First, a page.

One of the hardest concepts to grasp when it comes to marketing automation is the idea of “closed-loop” reporting. First of all, what does “closed-loop” even mean?

Here’s an easy way to look at it. Closed-loop reporting means that you can see where all of your best and worst leads come from using reporting and analytics. It allows you to tie a specific prospect to revenue by tracking them from an anonymous visitor on your site to an identified lead (and beyond). That way, you can credit leads to their original sources, whether they come through paid ads, email campaigns or other initiatives. That’s where the term “closed-loop” comes from.

Here’s a step-by-step breakdown of what closed-loop reporting looks like. Let’s use a new prospect named “Jane” as an example.

Step 1. Jane decides that she wants to look at marketing automation for her small company. She’s not sure where to start, so she checks out the websites of a few marketing automation companies that are on her radar. When she visits each of their websites, they place cookies on her browser, which track her activity from that point onward. Now, Jane is a cookied – but still anonymous – visitor to those sites.

Step 2. Let’s say Jane decides to look specifically at the Pardot website, which she reached through a paid search ad on google. She clicks through to the features page, makes a pit stop at the blog, and then visits the pricing page. Each of these activities is tracked using the cookie that was placed on her browser during her first visit. Although she is still only an anonymous visitor, her movements are still valuable and are recorded in the hope that she will convert to an identified lead.

Step 3. Jane’s interest in Pardot is peaked. She decides that she wants to request a demo of the product, so she fills out a form to sign up. The form captures information like her first and last name, her company, and her email address. At this point, Jane is converted to a lead. All of that information is now associated with the original cookie and is stored within Pardot’s marketing automation platform. Pardot can now tell which pages she’s visited and where she came from (paid search ad). This means that Jane will be recognized as “Jane” the next time she’s on Pardot’s site, rather than as an anonymous visitor.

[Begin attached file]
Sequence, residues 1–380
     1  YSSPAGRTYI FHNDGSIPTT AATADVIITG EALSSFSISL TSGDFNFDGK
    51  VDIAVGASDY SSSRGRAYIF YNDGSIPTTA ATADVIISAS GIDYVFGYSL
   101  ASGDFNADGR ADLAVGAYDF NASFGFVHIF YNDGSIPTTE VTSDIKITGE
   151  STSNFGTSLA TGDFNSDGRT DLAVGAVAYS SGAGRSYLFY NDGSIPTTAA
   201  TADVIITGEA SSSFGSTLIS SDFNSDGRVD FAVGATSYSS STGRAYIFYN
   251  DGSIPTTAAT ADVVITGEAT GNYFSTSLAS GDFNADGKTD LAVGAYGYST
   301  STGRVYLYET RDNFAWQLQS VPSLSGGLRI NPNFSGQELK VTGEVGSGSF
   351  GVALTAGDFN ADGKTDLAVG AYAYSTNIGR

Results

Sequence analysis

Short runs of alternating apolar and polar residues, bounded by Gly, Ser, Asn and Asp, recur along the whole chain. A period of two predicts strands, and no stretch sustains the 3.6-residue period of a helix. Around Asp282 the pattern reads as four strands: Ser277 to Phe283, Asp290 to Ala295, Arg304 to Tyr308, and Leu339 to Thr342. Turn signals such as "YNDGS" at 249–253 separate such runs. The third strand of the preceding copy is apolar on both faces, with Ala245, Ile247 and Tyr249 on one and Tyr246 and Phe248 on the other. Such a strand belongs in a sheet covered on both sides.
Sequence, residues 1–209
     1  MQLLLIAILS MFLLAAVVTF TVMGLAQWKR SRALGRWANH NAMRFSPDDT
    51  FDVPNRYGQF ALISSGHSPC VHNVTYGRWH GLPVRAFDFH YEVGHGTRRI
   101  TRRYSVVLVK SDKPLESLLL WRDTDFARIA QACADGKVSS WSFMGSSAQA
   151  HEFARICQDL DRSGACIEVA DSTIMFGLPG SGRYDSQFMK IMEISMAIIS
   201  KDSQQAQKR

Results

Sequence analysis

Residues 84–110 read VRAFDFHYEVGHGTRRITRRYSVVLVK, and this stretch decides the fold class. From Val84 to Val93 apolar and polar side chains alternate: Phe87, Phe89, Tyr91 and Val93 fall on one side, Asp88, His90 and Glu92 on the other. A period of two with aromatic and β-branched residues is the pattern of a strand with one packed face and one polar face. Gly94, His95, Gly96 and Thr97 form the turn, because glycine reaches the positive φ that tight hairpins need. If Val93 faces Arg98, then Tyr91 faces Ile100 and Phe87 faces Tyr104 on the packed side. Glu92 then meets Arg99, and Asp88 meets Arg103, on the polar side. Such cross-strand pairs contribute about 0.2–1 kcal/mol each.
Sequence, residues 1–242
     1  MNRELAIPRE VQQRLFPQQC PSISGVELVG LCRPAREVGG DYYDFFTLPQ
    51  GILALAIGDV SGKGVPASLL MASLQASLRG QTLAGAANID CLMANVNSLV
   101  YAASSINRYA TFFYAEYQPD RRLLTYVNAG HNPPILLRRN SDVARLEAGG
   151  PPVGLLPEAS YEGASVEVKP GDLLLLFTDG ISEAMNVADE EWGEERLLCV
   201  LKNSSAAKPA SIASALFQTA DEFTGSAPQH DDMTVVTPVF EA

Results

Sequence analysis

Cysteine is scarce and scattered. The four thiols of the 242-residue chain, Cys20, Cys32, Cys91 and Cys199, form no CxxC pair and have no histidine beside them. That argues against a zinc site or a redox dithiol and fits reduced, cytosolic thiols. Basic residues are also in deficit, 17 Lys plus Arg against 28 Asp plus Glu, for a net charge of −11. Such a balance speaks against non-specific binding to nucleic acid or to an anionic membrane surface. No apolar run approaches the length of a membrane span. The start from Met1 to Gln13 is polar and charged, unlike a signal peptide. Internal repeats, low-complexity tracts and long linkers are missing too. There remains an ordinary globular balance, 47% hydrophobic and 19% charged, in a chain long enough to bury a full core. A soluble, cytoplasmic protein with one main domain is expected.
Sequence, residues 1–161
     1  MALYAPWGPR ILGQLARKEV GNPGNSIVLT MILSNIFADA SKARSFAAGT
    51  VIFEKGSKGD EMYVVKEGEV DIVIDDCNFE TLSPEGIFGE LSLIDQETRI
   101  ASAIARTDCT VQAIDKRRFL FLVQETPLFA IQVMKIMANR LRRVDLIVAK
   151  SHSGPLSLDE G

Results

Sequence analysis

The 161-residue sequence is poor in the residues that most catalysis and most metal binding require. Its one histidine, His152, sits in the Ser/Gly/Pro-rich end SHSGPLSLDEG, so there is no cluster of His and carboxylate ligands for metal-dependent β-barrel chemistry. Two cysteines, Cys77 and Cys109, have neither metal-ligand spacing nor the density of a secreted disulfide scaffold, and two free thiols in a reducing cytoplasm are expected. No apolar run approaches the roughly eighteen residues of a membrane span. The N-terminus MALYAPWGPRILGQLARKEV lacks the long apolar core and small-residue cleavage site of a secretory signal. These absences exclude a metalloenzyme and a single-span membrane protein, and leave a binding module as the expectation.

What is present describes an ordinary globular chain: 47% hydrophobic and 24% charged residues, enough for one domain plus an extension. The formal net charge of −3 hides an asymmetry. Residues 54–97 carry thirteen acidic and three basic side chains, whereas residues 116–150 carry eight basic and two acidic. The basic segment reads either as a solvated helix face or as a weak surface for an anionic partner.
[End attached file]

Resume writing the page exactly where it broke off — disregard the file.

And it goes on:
Step 4. Jane is seriously considering investing in a marketing automation system. She visits Pardot’s website again and fills out another form to download a white paper. This action is tracked in real time so that a Pardot sales team member can reach out to her. When Jane finally decides to become a customer, the sales and marketing teams at Pardot can look back through her data, see that she originally came through a paid search ad, and credit the lead to that source. Using this technique, they can see where all of their leads are coming from and judge the ROI of each of their marketing initiatives.

Once all of these steps are completed, the “loop” is closed. Jane has made the journey from anonymous visitor to identified lead, providing trackable and valuable data along the way. Now, she’s ready to do some closed-loop reporting of her own using her new marketing automation system.

Interested in learning more about closed-loop reporting? Stay tuned for our Closed-Loop Reporting Quick Guide, coming soon!

Jenna Hanington

Posts Twitter